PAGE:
Powell’s books often got favorable, even admiring reviews, but the good press didn’t help. Like all of her other novels, “A Cage for Lovers” sold poorly, and this time she blamed her publishing house, Houghton Mifflin, which had compelled her to revise the book significantly; the editors forced her to add a lengthy flashback to the protagonist’s youth in her home town and cut back on the Paris scenes, out of fear, as Powell put it, that the novel would be just “another Paris Left Bank sort of book”—which is exactly what Powell meant it to be. Indeed, there is something crucially French about “A Cage for Lovers” which goes beyond its setting and links it to the leading French intellectual currents of the time. With its subjectivity and solitude, its identity quest and self-effacement, “A Cage for Lovers” is essentially an existential novel, offering a vision of bleakness and blankness, with a sort of cosmic opacity that Christine, in the course of her journey to nowhere, recognizes. Christine fears “the eternal collaborationist within,” sees herself as “a faded negative in a montage of light-struck doorways,” fears that her thoughts themselves are “like a stage curtain between her and every experience,” and that her Parisian adventure will transform her into “nothing but the mirrored fragments of the dispossessed.” Her imaginings of social life itself, of a mere stroll with sociable strangers, veer toward the ultimate dread:
Aside from “A Cage for Lovers,” the last decade of Powell’s writing strikes me as less fulfilled than her earlier ones. Her strongest output, in my view, was the nine-novel stretch that began with “The Bride’s House” (1929), the first in a remarkable trio of moving Ohio novels (including the often overlooked “The Story of a Country Boy,” a virtually Dreiserian and psychologically piercing vision of a businessman’s rise and fall), and ended with “The Locusts Have No King” (1948), a work of sardonic fury regarding the life of the mind that rises to a rarefied romanticism. The novels that she published during this period represent one of the most extraordinary outpourings of sustained literary artistry that the United States can boast. Powell’s New York-based novels turned a scalpel eye on book publishing, radio, and the press. “The Happy Island” (1938) is a fascinating picture of the corrupting ins and outs of night-club celebrity and literary ambition, and its tale of long-frustrated romance rises to a scathing interior monologue that’s among the most discerningly bitter depictions of a woman’s subjection in love. (“A fish out of water is a dead fish, not a neurotic or discontented or irritable fish, but a dead fish,” Powell writes.) “A Time to Be Born” (1942) looks with a furious skepticism at the misuses and abuses of editorial power and the fabrications of fame. But the novel “The Wicked Pavilion” (1954) and Powell’s last one, “The Golden Spur” (1962), both set in artistic circles in Greenwich Village, seem to have lost contact with the pavement, to be books about an idea of New York that was already curdled and shrivelling, without suggesting the new one, of new ideas and a new spirit, that was arising amid it.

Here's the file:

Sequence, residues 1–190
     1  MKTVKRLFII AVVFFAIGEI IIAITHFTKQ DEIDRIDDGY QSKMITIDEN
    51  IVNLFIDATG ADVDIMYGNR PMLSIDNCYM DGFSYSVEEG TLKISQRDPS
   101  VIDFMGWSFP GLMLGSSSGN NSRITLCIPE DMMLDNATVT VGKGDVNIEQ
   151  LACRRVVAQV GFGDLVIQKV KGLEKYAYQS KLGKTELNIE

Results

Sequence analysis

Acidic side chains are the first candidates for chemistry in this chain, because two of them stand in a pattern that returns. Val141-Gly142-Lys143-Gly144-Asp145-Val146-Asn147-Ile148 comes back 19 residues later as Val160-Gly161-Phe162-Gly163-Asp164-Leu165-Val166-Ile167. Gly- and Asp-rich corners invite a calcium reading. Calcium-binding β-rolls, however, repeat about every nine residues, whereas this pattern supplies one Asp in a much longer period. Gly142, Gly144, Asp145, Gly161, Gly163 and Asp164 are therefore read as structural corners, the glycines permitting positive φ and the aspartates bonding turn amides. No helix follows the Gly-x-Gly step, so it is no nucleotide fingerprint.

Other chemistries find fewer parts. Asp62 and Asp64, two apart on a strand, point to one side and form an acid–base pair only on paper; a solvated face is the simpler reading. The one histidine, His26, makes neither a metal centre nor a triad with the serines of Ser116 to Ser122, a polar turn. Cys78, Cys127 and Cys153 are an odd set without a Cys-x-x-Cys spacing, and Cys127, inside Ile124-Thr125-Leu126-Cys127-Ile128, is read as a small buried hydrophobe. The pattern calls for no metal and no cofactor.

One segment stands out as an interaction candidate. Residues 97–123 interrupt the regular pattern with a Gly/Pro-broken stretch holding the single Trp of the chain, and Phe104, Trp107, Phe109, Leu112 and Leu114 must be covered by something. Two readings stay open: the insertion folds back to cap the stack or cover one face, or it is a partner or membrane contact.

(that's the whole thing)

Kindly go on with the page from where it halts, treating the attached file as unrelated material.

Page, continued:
Yet it was only after the publication of “The Golden Spur” that Powell finally gained a bit of attention (too late for her health and for her work), when Wilson reviewed the book enthusiastically in The New Yorker, in 1962. Powell learned from her publisher that the book received increased attention after the review appeared; it was also nominated for a National Book Award. Yet Wilson—who, in 1944, had written a crabbily negative review of Powell’s autobiographical novel “My Home Is Far Away” for the magazine—ultimately offered a meagre view of her work, including only a tacked-on overview of her career. He treated “The Golden Spur” mainly as a representation of the culture of Greenwich Village, and wrote, both hedgingly and condescendingly, “I hope that the tone of this article—sociological and somewhat nostalgic—will not obscure the fact that Dawn Powell’s novels are among the most amusing being written.” The piece belatedly pinned Powell’s name to the cultural bulletin but did little more. It also launched the appreciation of Powell’s work in the wrong direction—a misfire that, over time, helped Powell become the brightly esteemed yet enduringly underestimated star she remains today.